And here’s an example of a joint presentation by an observatory director and a Hawaiian faculty member with their first original thinking about bringing together current astronomical theories on the origins of the universe with the beginning of the Kumulipo.
Many more examples abound across UH in areas of health, sustainability, earth and ocean sciences, general STEM and more. We have studied how hula can advance health, and we have translated Hawaiian language newspapers from the 19th century to understand historic weather events. Pre-contact Hawaiians sustained a population considered to be upwards of a million people using sophisticated practices of watershed management from mountain to reef (ahupuaʻa) from which we can learn useful practices today that can help Hawaiʻi and the world. This kind of work is being done across the UH System by a broad range of our faculty, staff and students.
Integrating different ways of understanding (and our islands represent many cultures) is not only one of the ways the University of Hawaiʻi serves the people of Hawaiʻi—all our people—but it is also one of the ways we distinguish UH from universities that could be anywhere else in the world.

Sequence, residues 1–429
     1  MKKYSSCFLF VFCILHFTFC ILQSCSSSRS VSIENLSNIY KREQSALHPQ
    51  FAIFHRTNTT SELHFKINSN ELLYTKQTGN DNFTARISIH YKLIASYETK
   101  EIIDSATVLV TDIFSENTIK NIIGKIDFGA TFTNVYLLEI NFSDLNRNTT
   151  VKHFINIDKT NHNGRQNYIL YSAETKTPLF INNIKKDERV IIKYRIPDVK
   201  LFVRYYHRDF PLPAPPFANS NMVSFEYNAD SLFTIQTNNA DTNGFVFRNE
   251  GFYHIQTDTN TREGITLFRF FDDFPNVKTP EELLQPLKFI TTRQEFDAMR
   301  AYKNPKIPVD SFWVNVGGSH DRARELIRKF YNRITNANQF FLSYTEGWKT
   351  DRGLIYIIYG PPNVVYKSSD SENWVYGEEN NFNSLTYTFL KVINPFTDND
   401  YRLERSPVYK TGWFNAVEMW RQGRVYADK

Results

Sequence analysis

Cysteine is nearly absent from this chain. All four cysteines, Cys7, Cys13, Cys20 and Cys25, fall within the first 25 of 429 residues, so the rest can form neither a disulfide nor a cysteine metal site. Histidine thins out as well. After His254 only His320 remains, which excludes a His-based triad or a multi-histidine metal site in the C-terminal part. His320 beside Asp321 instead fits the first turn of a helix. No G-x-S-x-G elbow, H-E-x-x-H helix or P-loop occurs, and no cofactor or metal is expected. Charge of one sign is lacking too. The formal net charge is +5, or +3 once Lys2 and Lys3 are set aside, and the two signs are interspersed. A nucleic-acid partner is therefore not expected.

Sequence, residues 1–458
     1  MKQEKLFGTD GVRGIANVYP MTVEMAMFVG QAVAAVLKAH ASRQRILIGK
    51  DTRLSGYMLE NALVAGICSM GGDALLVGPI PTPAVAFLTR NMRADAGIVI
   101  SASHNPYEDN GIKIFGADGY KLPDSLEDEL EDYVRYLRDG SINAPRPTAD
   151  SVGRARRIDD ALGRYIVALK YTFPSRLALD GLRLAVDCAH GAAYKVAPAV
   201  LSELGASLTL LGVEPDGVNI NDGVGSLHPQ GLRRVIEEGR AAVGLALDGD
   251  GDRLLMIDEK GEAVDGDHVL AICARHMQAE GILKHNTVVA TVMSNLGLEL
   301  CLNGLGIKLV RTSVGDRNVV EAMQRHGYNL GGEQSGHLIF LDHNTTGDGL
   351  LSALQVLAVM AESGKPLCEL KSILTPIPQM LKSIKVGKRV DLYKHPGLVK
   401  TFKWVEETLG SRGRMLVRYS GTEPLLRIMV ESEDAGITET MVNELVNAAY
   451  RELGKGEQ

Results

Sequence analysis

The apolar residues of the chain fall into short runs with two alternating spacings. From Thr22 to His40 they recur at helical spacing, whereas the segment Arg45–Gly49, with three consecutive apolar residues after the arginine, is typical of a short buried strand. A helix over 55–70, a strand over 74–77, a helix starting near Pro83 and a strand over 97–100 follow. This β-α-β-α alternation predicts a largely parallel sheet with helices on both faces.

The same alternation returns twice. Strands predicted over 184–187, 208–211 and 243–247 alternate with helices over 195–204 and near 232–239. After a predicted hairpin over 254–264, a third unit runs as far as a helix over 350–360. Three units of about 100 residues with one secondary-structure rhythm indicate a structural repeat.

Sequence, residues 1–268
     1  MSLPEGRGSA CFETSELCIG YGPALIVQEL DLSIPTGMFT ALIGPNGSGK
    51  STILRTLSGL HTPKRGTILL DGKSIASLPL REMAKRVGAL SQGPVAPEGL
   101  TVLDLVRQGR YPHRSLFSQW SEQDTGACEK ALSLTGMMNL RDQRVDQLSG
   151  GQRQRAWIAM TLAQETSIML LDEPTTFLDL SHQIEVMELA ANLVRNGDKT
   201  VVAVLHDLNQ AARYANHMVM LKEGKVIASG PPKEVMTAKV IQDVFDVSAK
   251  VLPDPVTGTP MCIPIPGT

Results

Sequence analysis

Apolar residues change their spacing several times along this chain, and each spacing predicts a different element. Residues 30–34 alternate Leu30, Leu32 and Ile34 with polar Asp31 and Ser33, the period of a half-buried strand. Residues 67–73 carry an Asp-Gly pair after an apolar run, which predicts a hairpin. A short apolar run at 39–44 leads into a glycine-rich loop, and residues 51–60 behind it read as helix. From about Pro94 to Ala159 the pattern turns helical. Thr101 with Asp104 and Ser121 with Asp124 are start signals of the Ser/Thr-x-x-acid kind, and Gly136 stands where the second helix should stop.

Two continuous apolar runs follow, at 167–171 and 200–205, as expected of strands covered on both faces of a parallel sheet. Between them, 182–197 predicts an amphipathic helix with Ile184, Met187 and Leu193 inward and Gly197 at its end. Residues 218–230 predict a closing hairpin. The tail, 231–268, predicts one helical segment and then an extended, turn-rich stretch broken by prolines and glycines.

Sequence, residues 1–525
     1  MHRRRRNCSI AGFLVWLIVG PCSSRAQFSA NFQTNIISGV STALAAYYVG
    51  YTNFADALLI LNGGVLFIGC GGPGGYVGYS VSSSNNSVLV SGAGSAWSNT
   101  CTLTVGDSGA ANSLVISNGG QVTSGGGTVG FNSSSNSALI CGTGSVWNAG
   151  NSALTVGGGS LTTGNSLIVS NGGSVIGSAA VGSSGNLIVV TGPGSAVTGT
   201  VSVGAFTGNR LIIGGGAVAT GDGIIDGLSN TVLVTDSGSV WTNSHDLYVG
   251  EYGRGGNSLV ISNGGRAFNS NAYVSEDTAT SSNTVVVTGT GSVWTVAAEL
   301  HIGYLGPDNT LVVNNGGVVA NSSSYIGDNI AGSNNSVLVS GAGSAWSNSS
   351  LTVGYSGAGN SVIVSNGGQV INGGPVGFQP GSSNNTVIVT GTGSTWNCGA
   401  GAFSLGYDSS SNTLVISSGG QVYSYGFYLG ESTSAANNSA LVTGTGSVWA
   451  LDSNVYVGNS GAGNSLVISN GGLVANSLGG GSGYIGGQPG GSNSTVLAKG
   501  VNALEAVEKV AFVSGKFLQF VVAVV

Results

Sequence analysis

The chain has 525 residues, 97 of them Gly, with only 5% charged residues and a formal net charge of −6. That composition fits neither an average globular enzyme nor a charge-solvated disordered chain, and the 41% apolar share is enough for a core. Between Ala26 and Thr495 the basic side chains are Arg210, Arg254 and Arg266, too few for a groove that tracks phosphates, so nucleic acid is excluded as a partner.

Such integration is being developed in different ways on different UH campuses. As just one example, at UH Mānoa a focus on Aloha ʻĀina underlies the work on a new campus strategic plan and the next accreditation process.
On a personal level, I have learned a great deal by respectfully considering the views of others with whom I may not agree on the construction of TMT. Much of this takes place in meetings and conversations, and here are a few short examples of thoughtful writings by UH Mānoa scientists:
Similarly, here are some pieces for consideration from UH and the community that thoughtfully support TMT, including a link to the Findings of Fact that underlie the approval of the Conservation District Use Permit.
Finally, here is an excellent example of what a conversation about the TMT by people with quite different perspectives, including one of our deans, can sound like when it is informed not just by a desire to be heard, but also by a willingness to listen.
It is my deepest hope that we can all find ways to learn from what is happening today to become a stronger community of learners, teachers and scholars. We don’t all need to agree, but we all benefit when we commit to civility and respect for one another, especially those with whom we disagree.